BC project negotiations, currently under way, are expected to take into account the remote location of shale development targets by including new roads and pipelines in the costs allowed to hold royalties down.
The prime BC target -- the Horn River Basin -- is in all but uninhabited, trackless woods east of the Alaska Highway near the province's boundary with the Yukon and Northwest Territories. But the immense size of the resource justifies taking on high up-front costs of opening the region.
"It's extensive. It's thick. It's got a lot of gas," said Apache Canada's Rob Spitzer, the company's exploration vice president and chairman of the Horn River Producers Group. The alliance coordinates development planning and government and community relations for 11 producers in the area including Apache, EnCana, Devon, ExxonMobil, Nexen, EOG Resources, Quicksilver Resources, Stone Mountain, ConocoPhillips Canada, PenGrowth Energy and Petro-Canada (soon to merge with Suncor) (see NGI, March 30).
The Horn River deposit is a 500-feet-thick layer of shale saturated with gas at depths of 8,000 to 10,000 feet that spreads over about 3,000 square miles. The formation is estimated to contain 400 to 500 Tcf as an in-place resource endowment. "Even at very modest recovery rates" -- projections range from 10-30% -- "that represents a lot of gas," Spitzer said.
"We're at the start of the development phase," the Apache executive said. Despite the current low on the gas market, the companies in his group are continuing to invest in the area at annual rates of up to C$150 million (US$135 million) apiece.
The BC shale stands out as a world-class development target, Dunn said. "You could fit two to three Barnetts quite comfortably into the Horn," he pointed out. EnCana is in a position to make comparisons between the Texas and BC deposits as a top participant in both areas.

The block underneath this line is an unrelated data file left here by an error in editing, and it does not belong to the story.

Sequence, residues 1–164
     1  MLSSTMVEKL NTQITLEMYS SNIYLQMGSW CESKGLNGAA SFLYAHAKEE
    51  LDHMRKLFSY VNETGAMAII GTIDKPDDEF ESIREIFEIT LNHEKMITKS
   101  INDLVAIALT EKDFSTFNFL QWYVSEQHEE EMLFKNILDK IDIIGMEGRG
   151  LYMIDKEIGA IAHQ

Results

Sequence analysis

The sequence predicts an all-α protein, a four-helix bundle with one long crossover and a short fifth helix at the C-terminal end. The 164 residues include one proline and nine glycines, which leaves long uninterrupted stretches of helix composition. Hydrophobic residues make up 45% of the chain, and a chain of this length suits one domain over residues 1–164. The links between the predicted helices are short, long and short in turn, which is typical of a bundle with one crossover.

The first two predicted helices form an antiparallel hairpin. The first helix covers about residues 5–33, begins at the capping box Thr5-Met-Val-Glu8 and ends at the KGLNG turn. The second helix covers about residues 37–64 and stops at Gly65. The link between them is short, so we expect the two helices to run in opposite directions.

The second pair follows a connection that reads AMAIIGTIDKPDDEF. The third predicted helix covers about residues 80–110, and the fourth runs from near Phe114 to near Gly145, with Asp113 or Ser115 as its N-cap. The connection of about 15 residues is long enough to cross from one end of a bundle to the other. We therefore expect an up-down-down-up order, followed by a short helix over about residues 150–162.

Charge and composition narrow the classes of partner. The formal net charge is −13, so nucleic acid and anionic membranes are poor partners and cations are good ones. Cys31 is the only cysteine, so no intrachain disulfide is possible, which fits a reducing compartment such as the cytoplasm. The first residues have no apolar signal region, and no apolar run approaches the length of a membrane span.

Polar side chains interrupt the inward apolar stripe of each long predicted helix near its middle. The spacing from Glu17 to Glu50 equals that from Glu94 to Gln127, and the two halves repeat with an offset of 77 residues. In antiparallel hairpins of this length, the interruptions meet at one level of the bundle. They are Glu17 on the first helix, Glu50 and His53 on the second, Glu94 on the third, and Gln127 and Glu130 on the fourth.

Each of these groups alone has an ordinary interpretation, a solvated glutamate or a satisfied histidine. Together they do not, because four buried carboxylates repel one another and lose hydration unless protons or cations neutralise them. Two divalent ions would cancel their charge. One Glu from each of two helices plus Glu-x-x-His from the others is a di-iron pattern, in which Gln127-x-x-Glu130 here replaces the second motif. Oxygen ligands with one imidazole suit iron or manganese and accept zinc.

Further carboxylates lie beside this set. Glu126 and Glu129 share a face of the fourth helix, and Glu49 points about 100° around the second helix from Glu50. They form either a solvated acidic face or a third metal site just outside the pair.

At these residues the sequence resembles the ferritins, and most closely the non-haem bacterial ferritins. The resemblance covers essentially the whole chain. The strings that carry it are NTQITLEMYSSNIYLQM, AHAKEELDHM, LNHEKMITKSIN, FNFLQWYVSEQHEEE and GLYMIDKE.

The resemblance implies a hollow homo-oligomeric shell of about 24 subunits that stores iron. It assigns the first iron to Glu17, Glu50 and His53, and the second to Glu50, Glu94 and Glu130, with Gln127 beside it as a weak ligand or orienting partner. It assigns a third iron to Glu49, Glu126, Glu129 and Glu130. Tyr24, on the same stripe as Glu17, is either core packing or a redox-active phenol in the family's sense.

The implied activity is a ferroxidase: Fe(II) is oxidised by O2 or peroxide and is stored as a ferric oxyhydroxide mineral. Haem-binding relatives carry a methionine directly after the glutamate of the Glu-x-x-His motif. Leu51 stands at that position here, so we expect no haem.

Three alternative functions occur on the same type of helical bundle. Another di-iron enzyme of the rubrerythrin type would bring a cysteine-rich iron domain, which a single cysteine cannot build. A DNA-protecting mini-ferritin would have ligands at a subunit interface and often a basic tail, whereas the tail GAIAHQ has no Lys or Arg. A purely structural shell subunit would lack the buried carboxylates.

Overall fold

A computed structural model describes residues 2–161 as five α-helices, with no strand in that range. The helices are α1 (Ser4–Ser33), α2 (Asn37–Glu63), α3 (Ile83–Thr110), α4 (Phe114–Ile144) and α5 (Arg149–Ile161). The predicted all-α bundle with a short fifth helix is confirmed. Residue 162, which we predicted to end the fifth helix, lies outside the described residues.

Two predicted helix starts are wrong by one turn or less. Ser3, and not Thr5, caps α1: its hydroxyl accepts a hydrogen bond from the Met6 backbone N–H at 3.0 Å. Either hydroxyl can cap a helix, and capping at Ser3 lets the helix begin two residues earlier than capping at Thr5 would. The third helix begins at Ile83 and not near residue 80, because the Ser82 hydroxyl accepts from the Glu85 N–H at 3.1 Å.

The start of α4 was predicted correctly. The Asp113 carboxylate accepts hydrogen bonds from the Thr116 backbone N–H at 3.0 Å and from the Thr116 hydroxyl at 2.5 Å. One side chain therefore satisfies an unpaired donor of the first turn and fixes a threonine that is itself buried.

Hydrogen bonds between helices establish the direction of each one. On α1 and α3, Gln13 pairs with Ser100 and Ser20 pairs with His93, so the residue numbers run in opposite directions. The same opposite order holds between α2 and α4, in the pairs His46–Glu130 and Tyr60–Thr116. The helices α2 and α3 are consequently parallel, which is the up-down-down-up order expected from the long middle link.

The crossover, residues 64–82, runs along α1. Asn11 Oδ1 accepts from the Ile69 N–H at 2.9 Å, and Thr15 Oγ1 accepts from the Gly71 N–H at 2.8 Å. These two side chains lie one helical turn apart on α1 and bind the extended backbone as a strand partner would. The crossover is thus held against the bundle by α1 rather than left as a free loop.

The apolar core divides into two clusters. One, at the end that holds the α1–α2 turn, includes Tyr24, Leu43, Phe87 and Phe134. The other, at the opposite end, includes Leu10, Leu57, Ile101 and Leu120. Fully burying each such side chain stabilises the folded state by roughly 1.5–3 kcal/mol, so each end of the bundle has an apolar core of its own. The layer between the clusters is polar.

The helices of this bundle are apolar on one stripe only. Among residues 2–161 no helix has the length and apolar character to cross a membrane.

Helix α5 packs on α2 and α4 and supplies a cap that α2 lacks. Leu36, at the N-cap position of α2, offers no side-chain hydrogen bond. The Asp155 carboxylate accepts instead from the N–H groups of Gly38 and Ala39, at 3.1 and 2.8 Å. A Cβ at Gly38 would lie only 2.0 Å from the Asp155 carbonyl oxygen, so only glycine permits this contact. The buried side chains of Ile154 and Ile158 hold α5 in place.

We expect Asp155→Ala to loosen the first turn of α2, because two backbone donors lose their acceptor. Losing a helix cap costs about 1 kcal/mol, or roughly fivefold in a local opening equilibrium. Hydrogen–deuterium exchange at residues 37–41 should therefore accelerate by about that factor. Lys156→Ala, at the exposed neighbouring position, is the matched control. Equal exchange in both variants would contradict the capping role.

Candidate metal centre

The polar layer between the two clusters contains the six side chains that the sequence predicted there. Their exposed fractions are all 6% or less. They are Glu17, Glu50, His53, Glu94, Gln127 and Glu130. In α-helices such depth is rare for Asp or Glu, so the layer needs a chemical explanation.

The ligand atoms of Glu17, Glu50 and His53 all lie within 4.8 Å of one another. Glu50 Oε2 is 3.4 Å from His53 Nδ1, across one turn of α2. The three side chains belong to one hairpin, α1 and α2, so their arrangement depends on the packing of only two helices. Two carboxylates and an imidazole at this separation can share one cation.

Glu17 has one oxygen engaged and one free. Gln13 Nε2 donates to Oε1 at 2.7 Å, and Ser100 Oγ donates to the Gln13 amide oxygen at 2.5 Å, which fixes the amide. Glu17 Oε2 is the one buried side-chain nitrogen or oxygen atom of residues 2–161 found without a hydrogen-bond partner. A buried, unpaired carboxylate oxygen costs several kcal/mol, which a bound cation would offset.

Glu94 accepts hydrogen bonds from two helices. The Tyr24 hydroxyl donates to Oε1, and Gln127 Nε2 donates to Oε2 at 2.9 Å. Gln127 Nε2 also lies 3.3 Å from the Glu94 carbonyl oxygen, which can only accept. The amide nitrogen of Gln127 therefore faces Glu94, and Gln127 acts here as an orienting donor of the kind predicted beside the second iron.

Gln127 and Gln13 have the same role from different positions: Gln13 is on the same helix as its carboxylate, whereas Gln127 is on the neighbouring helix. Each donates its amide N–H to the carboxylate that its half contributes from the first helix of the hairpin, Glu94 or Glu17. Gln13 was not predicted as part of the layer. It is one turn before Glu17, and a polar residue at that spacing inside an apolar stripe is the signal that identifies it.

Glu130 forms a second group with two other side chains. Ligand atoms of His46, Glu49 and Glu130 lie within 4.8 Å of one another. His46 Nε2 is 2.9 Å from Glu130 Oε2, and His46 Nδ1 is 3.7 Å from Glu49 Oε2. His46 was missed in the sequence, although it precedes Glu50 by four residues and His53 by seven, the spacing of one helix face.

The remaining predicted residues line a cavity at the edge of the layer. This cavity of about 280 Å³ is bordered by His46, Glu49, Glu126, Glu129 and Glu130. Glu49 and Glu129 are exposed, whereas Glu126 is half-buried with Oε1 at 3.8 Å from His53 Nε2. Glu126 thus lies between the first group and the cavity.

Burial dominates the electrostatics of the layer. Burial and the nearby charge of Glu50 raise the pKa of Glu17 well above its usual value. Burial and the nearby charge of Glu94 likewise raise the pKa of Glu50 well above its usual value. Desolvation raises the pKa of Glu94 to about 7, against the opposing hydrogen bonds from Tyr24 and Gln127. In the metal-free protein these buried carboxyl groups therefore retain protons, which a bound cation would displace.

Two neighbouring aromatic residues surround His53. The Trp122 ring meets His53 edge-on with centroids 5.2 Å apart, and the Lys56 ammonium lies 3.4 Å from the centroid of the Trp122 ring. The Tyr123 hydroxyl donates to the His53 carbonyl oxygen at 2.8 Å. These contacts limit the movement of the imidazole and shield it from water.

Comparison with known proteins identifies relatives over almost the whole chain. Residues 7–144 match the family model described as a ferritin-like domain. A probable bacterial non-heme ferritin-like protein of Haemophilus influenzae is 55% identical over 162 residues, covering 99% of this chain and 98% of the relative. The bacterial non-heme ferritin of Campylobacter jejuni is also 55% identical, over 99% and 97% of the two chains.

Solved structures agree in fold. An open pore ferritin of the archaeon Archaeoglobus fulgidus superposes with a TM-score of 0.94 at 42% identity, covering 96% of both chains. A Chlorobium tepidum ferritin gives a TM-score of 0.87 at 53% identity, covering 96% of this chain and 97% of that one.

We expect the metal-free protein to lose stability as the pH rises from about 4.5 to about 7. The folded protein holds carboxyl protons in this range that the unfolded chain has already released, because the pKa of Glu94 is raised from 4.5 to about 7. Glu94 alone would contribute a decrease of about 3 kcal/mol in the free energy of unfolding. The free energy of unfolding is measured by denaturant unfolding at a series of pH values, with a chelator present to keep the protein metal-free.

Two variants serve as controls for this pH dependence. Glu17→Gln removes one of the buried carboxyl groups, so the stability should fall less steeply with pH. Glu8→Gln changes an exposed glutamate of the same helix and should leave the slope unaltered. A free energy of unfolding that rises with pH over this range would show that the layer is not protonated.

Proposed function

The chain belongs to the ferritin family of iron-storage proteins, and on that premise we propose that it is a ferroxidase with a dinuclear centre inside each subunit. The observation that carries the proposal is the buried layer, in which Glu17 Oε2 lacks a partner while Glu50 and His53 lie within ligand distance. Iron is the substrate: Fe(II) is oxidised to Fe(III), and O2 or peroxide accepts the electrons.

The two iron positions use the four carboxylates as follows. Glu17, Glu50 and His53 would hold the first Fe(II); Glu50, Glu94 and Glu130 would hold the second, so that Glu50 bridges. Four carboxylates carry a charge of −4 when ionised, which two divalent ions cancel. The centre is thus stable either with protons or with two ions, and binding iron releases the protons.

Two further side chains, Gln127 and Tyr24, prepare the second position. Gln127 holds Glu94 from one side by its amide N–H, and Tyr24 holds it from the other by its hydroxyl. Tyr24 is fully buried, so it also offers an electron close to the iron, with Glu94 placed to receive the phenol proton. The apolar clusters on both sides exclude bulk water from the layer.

The Horn River Basin is not the only shale deposit expected to propel growth in BC production for decades to come. Development is also accelerating in a less spectacular but more accessible, mixed tight rock and shale formation known as the Montney, in the Dawson Creek region where the Alaska Highway begins.
The area has lured BP Energy Canada back into supply development as big enough to interest a subsidiary of the British global gas empire. The company is embarking on a C$1.4 billion (US$1.3 billion) drilling program called Noel just south of Dawson Creek, BP Canada Vice President Phil Aldis said.
The project will build up 130 MMcf/d of production over the next eight to 10 years with 136 long-leg horizontal wells. Initial production is scheduled by the end of this year. The BP executive indicated that skeptics of shale gas are misunderstanding the nature of the resource by suggesting that current high production levels are temporary initial results of wells that will decline rapidly. The chief attractions of the new gas source include long production lives. Shale wells will keep on putting out gas for 30 to 40 years, Aldis said.